Nikon P7100 review

In May 2012, I bought a Nikon P7100 after using a Panasonic G3 for a couple of weeks (replacing my A710.). After using the P7100 for a few months (10/2012), I finished this review that I call "the perfect camera":

Actually, no, I haven't found the perfect camera, but I know what it is: my new Nikon P7100 with a few modifications. These are my fantasy specs:

Basically, it's the P7100 with sensor size and capabilities between the Fuji X10 and the Canon G1 X, plus the X10's lens with the P7100's zoom range. (The P7100's bokeh is nice but not very dramatic -- increasing the sensor size and max aperture would bring an improvement.) I've also been persuaded that EVF works better than OVF (particularly because you get the full UI). It would be about the same size as the G1 X (1.2 pounds).

Late note: The new P7700 takes two steps in this direction, with F2.0 and a fully articulated screen, dropping the P7100's OVF (but not replaced with EVF, it's screen-only).

My previous camera was a Canon A710 (35-200mm). Although I don't use the 200mm telephoto much, I do make use of the 120-150mm range and I hate feeling that I'm bumping against the limit. My fantasy camera could reduce the range to 30-180mm (6X) and I'd be fine.

I decided on the P7100 after I bought a used Panasonic G3 and was not very happy with it. There are only 1.5 options for a macro lens in the micro-4/3 line and both are pretty spendy (the new Olympus 12-50 with minimal macro capability and the Panasonic 45mm). (The 14-42 power zoom has decent macro capability, but everyone agrees it's a shitty lens.) I hadn't realized prior to the G3 how limited non-macro focusing distance is; given that I shoot lots of flower porn, macro is pretty much a requirement for me. (I only got into macro after switching to digital with my A710; I'm guessing that previously I just took whatever pictures made sense with a film SLR without macro. Before the A710 I had mostly stopped taking pictures for a decade.)

Note that one thing I really really like about the P7100 is the plethora of dials and buttons. I don't have to go into the menus. In general, the P7100 is just more pleasant to work with than the G3.

I also think the P7100 manual is way better than the Panasonic's -- even when I know exactly what the G3 manual is trying to say, I sometimes find it difficult to read (after reading the P7100 manual, I went back to the G3 manual to check whether lack of recent camera experience was the problem).

I've already used the P7100's built-in 3-stop ND filter a few times, I'm surprised more cameras don't go down to ISO 50 (the G3's minimum ISO 160 is annoying, especially with the 20mm F1.7).

I didn't use the G3 enough to get really used to having a fully articulated LCD, but it adds little bulk over a tilt mechanism, so why not? (The P7100's tilting LCD is definitely useful, I've already needed it for several pictures.)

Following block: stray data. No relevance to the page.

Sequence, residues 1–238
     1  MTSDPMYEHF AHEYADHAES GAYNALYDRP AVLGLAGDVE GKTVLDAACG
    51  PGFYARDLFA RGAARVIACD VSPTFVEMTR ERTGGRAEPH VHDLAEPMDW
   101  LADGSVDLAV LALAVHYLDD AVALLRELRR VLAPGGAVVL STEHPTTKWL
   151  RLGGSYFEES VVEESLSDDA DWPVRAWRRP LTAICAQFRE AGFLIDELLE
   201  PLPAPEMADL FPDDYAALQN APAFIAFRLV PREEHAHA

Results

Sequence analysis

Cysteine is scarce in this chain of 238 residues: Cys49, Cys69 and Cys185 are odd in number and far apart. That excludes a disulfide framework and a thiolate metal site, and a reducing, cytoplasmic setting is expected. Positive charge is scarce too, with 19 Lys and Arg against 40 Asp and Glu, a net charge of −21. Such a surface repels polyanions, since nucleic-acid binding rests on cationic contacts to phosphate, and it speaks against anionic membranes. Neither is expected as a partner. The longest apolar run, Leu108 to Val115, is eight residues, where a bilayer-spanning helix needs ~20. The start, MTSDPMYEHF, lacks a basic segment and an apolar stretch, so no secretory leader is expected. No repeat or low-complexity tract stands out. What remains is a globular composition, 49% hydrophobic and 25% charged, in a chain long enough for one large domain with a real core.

A number of reviews complain about the P7100's performance in saving RAW files, and it's definitely slower than the G3. It's not slow enough to annoy me, and I can switch to JPEG-only when I want speed, although even that isn't particularly fast. (And yes, I'm using a SanDisk Extreme rated for 45MB/s.) Still faster than the manual film advance on my old cameras.

There are a number of minor annoyances. Probably the biggest one is excessive highlight clipping with the default exposure settings, I end up shooting a lot with -1/3EV to -1.0EV (which lends additional emphasis to having a convenient EV dial). Some others:

Anything bigger than m4/3 is too big for a "carry around" camera (and in fact I think m4/3 is too big for "carry around" unless I'm willing to accept a limited zoom range); if I decide that I need something more than the P7100, I'll get a full-blown APS-C, probably a Pentax because I like in-body IS. (Or maybe the G1 X -- interchangeable cameras instead of interchangeable lenses. ;-)

The P7100 has its best ISO range from 100-400 (I can just barely see some degredation at 400, and the P7100 has a useful AutoISO 100-400 feature), 800 only shows degredation at maximum blowup, and 1600 is fine for casual snaps. 3200 and 6400 should only be used for emergencies. (Contrasted with the A710 where 200 shows some degredation, 400 should only be used for emergencies, and I consider 800 completely unusable.)

The P7100, not surprisingly, takes pictures in between the quality of the A710 and the G3, though closer to the G3. I am not exactly a connoisseur of fine distinctions in photographic quality, and I haven't yet figured out how to do RAW processing. The P7100 lets me take good pictures easily, which is the most important criterion for me.

This whole thing started because my primary wanted a superzoom to replace zir Pentax Optio S1; zie seems to be pretty happy with the Panasonic DMC-FZ35. (Selected for the following features: decent low-light performance, RAW shooting, viewfinder, reasonably small.) That reminded me of the one thing I disliked about my A710: lack of low-light capability. And so I couldn't resist getting a new camera for myself...

In the end, the experience vindicated my earlier decision to get the A710, because the P7100 really is a slightly bigger and better A710. Interesting how Canon ceded that specific feature set to Nikon. (Canon's G-series fails due to lack of zoom range.)

Evidence for my preference in zoom range


Last update: 3/2013
Copyright 2012, 2013 by Aahz (aahz@pobox.com)

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